April 13, 2023

Times have changed since the 1963 Masters


   Jesup’s Sand Greens Golf Course was a million miles from the Augusta National Golf Club. But a Trailways bus took a buddy and me to Augusta in a little over three hours. I had as much business being at the Masters golf tournament as a hippo trying to hula-dance. But I was there—for the first time—in 1963. And before we witnessed Jack Nicklaus beating Arnold Palmer for his first green jacket, I, too, had scored a long list of firsts.

   Six months earlier, I was introduced to golf with a $35 set of used clubs and a 30-minute lesson by O.A. Hunter. And just before that, grass had replaced sand on the greens. As a 14-year-old, I thought the perfect Saturday was playing 18 holes in the morning and climbing the hog-wire fence to walk to Friday’s Truck Stop for a hamburger steak, fries and a chocolate shake before resuming the next two rounds on the nine-hole course. (Captain Joe’s is now where Friday’s was.)

   I didn’t know anything better existed, until a visiting youth minister, the Rev. Dan Shaddock, said, “Why don’t you bring a buddy and come to the Masters? I have two tickets—Wednesday through Sunday—and y’all can stay with me and my wife, Mary.” Little did I know that a Masters green jacket was the Holy Grail of golf. Still, I jumped at the chance. I invited Pete Hires, a lifelong friend, to join the adventure.

   But first, we had to ask permission from our parents and our high school principal, C.E. Bacon. Our parents didn’t hesitate, but we fretted about missing school. When Pete and I broached the subject with Mr. Bacon, he said, “Boys, go to Augusta. I’ll count both of you present. You’ll learn more there—in those five days—than you’ll ever learn here.”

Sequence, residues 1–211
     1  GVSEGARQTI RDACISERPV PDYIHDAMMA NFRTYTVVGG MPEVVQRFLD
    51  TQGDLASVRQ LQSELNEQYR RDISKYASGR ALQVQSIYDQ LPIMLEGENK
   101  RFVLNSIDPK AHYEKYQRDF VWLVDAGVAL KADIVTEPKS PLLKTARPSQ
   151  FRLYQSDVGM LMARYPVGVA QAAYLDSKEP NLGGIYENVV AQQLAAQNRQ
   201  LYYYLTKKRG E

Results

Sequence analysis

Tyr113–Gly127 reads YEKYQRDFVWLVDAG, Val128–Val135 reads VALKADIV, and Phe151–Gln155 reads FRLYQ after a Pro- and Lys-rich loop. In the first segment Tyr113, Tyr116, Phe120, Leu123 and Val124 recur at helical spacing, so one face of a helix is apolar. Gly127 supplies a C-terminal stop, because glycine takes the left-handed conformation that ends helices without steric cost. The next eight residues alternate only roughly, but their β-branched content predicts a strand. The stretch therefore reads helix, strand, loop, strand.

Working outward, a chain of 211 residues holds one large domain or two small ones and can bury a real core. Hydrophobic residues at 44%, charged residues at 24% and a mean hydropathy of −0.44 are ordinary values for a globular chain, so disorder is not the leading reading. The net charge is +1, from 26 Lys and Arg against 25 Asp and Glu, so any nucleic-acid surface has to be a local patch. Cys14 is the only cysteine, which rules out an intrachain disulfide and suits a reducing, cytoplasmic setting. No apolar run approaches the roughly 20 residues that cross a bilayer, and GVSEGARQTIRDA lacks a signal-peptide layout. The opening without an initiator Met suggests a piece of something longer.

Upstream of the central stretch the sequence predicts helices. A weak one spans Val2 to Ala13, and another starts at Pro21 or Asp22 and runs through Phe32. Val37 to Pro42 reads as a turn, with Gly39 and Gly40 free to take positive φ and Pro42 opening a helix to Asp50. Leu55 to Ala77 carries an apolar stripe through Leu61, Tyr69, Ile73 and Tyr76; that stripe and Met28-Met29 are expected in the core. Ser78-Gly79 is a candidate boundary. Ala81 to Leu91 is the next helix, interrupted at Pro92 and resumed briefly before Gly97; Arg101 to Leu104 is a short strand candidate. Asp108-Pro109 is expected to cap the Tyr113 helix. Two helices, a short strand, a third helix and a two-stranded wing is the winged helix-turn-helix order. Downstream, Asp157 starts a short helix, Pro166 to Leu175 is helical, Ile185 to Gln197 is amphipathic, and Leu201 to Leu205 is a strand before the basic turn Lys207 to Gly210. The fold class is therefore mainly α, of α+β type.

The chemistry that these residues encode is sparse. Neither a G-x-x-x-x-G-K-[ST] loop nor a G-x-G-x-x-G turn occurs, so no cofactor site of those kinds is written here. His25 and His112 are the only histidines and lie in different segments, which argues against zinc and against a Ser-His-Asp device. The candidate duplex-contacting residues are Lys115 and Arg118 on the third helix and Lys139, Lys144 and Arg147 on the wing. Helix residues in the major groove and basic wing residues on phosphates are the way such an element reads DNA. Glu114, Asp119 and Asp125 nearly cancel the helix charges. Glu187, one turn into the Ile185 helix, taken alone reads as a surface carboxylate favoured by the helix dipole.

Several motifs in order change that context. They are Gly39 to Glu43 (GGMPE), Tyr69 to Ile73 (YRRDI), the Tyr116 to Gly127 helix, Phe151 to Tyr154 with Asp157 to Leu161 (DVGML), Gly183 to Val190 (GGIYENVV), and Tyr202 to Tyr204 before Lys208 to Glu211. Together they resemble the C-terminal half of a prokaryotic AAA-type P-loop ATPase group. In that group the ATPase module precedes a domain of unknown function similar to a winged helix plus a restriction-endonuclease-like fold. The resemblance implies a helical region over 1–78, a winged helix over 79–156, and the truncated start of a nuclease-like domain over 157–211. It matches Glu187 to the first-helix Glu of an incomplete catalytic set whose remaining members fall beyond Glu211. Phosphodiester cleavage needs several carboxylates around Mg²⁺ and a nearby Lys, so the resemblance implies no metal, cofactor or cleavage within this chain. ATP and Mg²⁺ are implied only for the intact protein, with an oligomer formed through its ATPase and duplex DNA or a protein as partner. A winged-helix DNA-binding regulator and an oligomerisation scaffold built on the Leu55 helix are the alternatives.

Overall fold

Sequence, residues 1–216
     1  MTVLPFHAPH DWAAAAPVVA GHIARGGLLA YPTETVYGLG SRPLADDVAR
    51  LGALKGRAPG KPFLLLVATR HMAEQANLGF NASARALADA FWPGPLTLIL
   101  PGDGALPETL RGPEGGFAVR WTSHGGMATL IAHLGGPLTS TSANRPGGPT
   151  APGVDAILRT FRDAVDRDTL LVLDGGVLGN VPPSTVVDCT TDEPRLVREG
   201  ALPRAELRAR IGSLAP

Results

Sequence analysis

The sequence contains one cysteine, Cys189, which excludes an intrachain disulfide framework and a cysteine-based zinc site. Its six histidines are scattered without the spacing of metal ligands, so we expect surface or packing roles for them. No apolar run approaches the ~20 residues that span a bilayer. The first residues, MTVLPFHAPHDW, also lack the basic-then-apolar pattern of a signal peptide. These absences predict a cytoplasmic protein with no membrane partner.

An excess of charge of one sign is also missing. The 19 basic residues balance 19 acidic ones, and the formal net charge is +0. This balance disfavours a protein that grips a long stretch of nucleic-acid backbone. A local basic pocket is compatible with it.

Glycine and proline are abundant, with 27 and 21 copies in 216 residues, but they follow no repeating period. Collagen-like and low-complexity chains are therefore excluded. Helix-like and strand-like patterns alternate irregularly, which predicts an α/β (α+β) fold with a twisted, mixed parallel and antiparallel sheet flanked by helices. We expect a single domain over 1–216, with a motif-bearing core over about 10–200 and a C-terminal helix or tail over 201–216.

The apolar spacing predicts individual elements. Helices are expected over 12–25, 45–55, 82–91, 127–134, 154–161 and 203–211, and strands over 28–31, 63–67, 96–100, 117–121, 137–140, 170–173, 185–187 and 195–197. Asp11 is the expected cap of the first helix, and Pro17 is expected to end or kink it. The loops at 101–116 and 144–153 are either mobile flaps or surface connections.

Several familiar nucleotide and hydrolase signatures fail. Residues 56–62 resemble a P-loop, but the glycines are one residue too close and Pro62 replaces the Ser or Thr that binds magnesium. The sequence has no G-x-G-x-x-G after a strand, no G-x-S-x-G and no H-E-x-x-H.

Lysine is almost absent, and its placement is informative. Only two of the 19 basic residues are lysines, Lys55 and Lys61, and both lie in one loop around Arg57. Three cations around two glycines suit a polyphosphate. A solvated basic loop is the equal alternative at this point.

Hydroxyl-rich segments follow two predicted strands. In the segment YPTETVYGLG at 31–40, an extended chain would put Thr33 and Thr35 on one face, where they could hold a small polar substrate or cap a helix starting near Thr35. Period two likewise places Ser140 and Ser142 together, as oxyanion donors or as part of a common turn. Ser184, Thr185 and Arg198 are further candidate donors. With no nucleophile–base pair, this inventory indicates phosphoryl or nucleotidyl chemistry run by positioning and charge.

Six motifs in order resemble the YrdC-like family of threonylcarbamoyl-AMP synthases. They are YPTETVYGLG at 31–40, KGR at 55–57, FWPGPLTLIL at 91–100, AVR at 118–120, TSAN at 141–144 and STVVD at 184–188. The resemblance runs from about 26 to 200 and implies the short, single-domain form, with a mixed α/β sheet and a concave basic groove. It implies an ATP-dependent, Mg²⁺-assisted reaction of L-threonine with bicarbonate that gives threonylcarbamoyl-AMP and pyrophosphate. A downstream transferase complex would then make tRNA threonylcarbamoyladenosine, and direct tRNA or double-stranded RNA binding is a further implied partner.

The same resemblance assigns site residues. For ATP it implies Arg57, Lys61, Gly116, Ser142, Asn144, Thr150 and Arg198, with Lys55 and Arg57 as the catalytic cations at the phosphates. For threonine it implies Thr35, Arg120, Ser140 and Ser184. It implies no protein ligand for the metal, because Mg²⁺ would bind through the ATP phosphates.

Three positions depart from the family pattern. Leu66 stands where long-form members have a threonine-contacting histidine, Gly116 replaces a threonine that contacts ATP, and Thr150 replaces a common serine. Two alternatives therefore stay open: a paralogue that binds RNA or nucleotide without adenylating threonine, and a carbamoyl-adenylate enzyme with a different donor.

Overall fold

With cardboard suitcases, we climbed aboard the Trailways bus and roared toward Tobacco Road into Richmond County. Everything we saw was jaw-dropping. Caddies in white coveralls were lugging around clubs for the pros. Pete and I fell in with Arnie’s Army. Arnold Palmer was king in those days, winning in 1958, 1960 and 1962.

Our favorite observation point was backed up to the Amen Corner’s azaleas. Julius Boros had a silk-smooth swing and tied Sam Snead for third prize: $7,000. South Africa’s “Man in Black,” Gary Player, tied for fifth, picking up $4,000. Today’s multimillionaire players would hardly bend over to pick up Gene Sarazen and Ken Venturi’s paychecks of $750.

   Until 1963, I had never ridden on a city bus. The transit was our wheels to and from the preacher’s downtown apartment. And I’d never been in a pawnshop. We pooled our wadded-up dollars to buy a pair of used binoculars. We wanted to see it all. I’d never seen that many people—anywhere. Another first was watching people drink beer. I can still taste my first pimento cheese sandwich, Masters-style.

  Cold, blowing rain and falling pine trees made the 2023 Masters tournament an exceptional challenge. But Spaniard Jon Rahm walked away in his green jacket. And he slipped his $3.24 million paycheck into the coveted coat’s pocket. That’s $630,000 more than last year’s winner, Scottie Scheffler won. The Augusta National Golf Club paid out a record $18 million to this year’s roster of winners.

   Fifty years ago, the young Golden Bear, Jack Nicklaus, bested Palmer by five strokes to earn $20,000. Palmer tied with Don January for ninth place and took home $1,800. Times have changed.

   In 2013, on the 50th anniversary of my first Masters, a friend gave me two tickets to the tournament’s Saturday competition. I handed them to our sons, Alan and Eric.

   “Fellas,” I said, “to commemorate my first trip to the Masters, I’ll also spring for two bus tickets to Augusta.”

    Alan and Eric laughed and said, “Thanks, Dad, but times have changed.”